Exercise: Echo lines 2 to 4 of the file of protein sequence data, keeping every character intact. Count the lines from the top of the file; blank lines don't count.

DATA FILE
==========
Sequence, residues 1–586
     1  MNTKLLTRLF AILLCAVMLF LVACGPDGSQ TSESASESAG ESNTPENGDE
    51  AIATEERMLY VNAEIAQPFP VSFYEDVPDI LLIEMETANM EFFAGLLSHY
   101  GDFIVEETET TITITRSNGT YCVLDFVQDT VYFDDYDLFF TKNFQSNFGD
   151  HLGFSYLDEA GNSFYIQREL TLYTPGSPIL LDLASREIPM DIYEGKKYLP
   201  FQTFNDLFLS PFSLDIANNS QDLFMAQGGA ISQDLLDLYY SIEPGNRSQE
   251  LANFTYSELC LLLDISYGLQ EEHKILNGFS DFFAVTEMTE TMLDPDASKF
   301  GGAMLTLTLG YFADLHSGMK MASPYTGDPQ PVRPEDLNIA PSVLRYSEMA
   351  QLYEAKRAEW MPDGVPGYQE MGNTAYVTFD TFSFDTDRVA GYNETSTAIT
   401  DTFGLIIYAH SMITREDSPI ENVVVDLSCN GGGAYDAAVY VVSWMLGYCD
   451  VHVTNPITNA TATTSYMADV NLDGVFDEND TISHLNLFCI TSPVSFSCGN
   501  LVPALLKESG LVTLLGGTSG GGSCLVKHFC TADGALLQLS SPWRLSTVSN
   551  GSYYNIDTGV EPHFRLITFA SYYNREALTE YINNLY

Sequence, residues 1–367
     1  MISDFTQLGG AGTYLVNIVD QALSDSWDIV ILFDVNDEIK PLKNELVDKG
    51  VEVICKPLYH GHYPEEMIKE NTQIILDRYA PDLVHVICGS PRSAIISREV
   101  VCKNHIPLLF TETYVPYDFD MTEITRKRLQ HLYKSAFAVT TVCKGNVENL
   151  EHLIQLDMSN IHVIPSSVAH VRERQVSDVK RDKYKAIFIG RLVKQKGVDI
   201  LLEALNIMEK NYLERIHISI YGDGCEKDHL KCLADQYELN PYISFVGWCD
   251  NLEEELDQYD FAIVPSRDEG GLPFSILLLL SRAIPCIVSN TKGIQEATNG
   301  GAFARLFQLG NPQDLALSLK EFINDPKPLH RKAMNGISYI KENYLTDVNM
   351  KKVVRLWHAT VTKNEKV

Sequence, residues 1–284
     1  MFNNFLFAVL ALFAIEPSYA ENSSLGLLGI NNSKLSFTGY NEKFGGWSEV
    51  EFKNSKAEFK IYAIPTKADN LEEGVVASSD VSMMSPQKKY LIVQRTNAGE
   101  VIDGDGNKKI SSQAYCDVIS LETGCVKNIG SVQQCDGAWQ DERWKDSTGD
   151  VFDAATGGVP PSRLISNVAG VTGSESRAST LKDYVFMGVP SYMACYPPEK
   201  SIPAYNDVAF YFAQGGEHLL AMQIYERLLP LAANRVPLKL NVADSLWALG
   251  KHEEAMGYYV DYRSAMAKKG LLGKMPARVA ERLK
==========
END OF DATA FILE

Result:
     1  MNTKLLTRLF AILLCAVMLF LVACGPDGSQ TSESASESAG ESNTPENGDE
    51  AIATEERMLY VNAEIAQPFP VSFYEDVPDI LLIEMETANM EFFAGLLSHY
   101  GDFIVEETET TITITRSNGT YCVLDFVQDT VYFDDYDLFF TKNFQSNFGD